Yet another asymmetric game, though not quite to the extent of NetrunnerStar Wars: The Card Game  has had a bit of a tumultuous history. After an excellent and interesting core set, the first cycle was rather weak, and that coupled with delays meant that many became disillusioned with it. As a point of comparison, Star Wars and Netrunner were released in the same year, but Star Wars is seven packs behind! This means that it’s much more difficult to find a tournament for Star Wars.

That said, the game is not without fantastic mechanics that, again, got much better as time went on (the second cycle was magnificent). If you’re a true fan of the license, you can have a lot of fun with this game, and there are a whole heap of viable options for deckbuilding at a casual, fun level. There is a bit of a thematic disconnect which a lot of people have taken issue with (an X-Wing blasting down Darth Vader, or the Executor being poked by Ewoks for example) but with two core sets and two Edge of Darkness expansion packs, a lot of fun can be had. It pains me that I can’t recommend this higher, given how interesting the game play is (really, if you like game design, try play a game of it) and how much I like the license, but you can’t win ’em all.

Warhammer 40000: Conquest (2014)

Warhammer 40,000: Conquest

Speaking of excellent game design, the LCGs continue to deliver with Eric Lang’s Warhammer 40000: Conquest. Much like Netrunner, Conquest really lends itself to tournament play above anything else; you can certainly play the factions you like, but due to the super tight game play, not playing with competitive options means you’re going to get crushed quickly. With a much more spacial aspect than the other LCGs (fitting given the license) and the extremely innovative and well thought out simultaneous decision making mechanic, Warhammer 40000: Conquest has a lot going for it gameplay-wise for a start.

What’s more, on top of the strong license, great gameplay  and fantastic artwork is the relatively low price point of the game at the moment. With only two deluxes and thirteen packs, you can have everything in the game for a relatively low entry point. Whilst recent developments on the game have been slow and it lacks the same consistent community which both Netrunner and the next game have in spades, you could do far worse as far as great, skill intensive competitive games go.

A Game of Thrones: The Card Game Second Edition (2015)

A Game of Thrones: The Card Game

Wasting no time after ending First Edition, A Game of Thrones: The Card Game Second Edition (AGOT 2.0) is running pretty hot at the moment. If you’re a fan of the source material, you’ll find all of your favourite characters faithfully represented in AGOT 2.0, which currently has a heavy focus on these unique fan favourite characters going into various challenges against one another as you struggle for the Iron Throne. With a healthy mix of luck and skill, relatively simple mechanics, a healthy and steadily growing community and the fact that it’s currently FFG’s youngest LCG, AGOT 2.0 is definitely the game to get into at the moment if you’re on the fence about all the others (or you’re just a mega-fan of the series).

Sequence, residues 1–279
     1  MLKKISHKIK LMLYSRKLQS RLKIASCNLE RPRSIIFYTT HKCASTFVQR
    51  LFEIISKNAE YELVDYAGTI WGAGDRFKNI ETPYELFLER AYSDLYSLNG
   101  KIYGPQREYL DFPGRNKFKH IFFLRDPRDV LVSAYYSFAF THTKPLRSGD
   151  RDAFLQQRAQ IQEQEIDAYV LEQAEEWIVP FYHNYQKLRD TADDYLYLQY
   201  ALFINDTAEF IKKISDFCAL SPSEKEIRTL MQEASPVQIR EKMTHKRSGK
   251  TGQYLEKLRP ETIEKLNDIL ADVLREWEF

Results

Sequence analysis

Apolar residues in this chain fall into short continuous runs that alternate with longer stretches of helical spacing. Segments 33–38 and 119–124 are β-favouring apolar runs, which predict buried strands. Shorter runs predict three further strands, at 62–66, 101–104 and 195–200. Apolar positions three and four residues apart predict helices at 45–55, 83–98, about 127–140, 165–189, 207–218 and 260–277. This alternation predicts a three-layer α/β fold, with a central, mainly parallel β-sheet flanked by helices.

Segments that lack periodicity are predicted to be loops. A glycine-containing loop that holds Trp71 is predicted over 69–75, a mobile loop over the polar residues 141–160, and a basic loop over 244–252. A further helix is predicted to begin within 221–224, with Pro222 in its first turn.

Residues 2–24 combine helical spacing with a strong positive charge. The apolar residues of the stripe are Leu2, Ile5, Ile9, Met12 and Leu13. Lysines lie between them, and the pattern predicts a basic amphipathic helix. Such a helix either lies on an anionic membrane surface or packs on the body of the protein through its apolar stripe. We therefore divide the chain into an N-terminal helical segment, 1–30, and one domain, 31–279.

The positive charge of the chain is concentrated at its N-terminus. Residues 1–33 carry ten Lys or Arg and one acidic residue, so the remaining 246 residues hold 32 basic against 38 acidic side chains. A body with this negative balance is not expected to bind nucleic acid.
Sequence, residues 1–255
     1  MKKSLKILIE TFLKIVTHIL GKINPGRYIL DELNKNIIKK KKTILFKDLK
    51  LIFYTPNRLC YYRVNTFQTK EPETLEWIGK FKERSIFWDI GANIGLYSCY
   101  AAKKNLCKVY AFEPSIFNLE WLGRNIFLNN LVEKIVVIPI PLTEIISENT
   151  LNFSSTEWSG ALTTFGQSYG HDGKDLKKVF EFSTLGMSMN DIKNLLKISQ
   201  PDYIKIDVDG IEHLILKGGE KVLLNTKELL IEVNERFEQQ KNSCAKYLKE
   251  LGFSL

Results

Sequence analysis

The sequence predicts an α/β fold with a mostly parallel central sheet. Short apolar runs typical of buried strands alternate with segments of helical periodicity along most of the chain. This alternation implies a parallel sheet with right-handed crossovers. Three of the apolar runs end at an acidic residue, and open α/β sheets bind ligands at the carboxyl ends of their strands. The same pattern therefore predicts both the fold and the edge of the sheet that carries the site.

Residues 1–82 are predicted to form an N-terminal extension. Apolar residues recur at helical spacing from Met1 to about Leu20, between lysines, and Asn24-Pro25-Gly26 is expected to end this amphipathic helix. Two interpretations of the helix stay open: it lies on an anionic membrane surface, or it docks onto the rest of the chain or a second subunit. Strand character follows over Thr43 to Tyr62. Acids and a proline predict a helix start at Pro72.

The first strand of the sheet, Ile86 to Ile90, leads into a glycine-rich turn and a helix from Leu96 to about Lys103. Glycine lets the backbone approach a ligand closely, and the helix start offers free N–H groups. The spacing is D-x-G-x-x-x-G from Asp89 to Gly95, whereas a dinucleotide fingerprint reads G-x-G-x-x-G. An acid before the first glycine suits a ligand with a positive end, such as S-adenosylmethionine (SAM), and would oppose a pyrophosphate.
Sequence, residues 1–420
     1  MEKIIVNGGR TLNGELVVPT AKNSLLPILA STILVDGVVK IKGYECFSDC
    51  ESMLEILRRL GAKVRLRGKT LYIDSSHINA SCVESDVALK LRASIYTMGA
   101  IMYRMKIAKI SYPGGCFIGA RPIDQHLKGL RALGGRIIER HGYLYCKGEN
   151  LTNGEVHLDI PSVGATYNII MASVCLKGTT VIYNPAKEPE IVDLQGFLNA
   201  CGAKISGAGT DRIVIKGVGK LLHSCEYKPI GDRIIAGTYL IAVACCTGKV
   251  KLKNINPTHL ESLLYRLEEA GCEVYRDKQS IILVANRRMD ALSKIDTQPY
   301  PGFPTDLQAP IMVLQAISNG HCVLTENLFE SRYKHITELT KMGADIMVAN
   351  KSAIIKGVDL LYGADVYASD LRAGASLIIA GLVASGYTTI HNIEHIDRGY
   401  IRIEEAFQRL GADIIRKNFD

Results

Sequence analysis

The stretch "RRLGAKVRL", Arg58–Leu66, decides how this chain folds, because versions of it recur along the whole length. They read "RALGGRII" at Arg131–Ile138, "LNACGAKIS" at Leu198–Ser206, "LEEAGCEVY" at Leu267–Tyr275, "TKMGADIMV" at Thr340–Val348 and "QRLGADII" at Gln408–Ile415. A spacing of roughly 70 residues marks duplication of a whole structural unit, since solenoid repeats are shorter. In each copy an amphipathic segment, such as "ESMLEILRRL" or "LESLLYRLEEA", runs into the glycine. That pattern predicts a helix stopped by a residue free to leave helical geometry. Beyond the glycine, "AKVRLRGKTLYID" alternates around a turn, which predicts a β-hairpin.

Much like Netrunner and ConquestAGOT 2.0 is primarily a competitive game. The first of two game modes, Joust is the more common of the two and is  a traditional one versus one affair. In addition, casual play is much more encouraged mechanically than in any other LCG, at least in my opinion. This is further exemplified by the wilder, more chaotic Melee format, where three to four players struggle for the throne, forging alliances only to break them off just as quickly. The melee option even works quite well as just a family board game on its own, making AGOT 2.0 one of the easier games to sample first before committing.

Arkham Horror: The Card Game (4th Quarter 2016-Early 2017)

The only LCG not yet released that we’ll be looking at today is the mysterious Arkham Horror: The Card Game. Not too much is known about this game yet, but early reports point towards a hybrid LCG/roleplaying experience unlike any other game on the market. I’m incredibly curious to see how much FFG has learned about making a cooperative LCG from Lord of the Rings, and if they can get it right from the beginning, the popular theme and innovative design space may prove to be a winner!

Whichever LCG you do end up choosing, I hope you have an amazing time with the diverse, thematic experiences awaiting you in each and every box. Fantasy Flight Games have done a wonderful job with the core of each of their card games, and I look forward to seeing what the future holds for this innovative model of card games (there are two more upcoming LCGs, but they’ll have to wait for another article).

European Machines and Havoc in Space: The Latest Hotness

It’s not a secret that tabletop gaming has been experiencing tremendous growth for a number of years now, and whether you like it or hate it, Kickstarter has definitely been a large source of this. From allowing new designers to come out of the woodwork, to  acting as something of a pre-order system for established companies, opinions on Kickstarter games tend to be a very mixed bag. Today, we’re going to be looking a little deeper at two of the hottest upcoming games, Scythe from Stonemaier Games and Cry Havoc from Portal games, both of which fall into the broad category of area control games, and both of which have garnered huge attention this year.

Before we get into that, let’s take a brief look at the genre as a whole. As the name would imply, area control games are about just that. That being said, it’s difficult to think of the secret bidding game Revolution, the very Euro style El Grande and the mythical creature combat heavy Kemet as being part of the same genre. And yet, they all share the same basic idea; controlling areas yields you victory points (or other helpful benefits. Generally speaking, you want the most (or only) pieces in a space on the board. The diversity of the genre is leaps and bounds greater than games in other genres which tend to fall into tropes, but that is not to say that there aren’t dangers and pitfalls which certain area control games, particularly those involving combat, can fall victim to.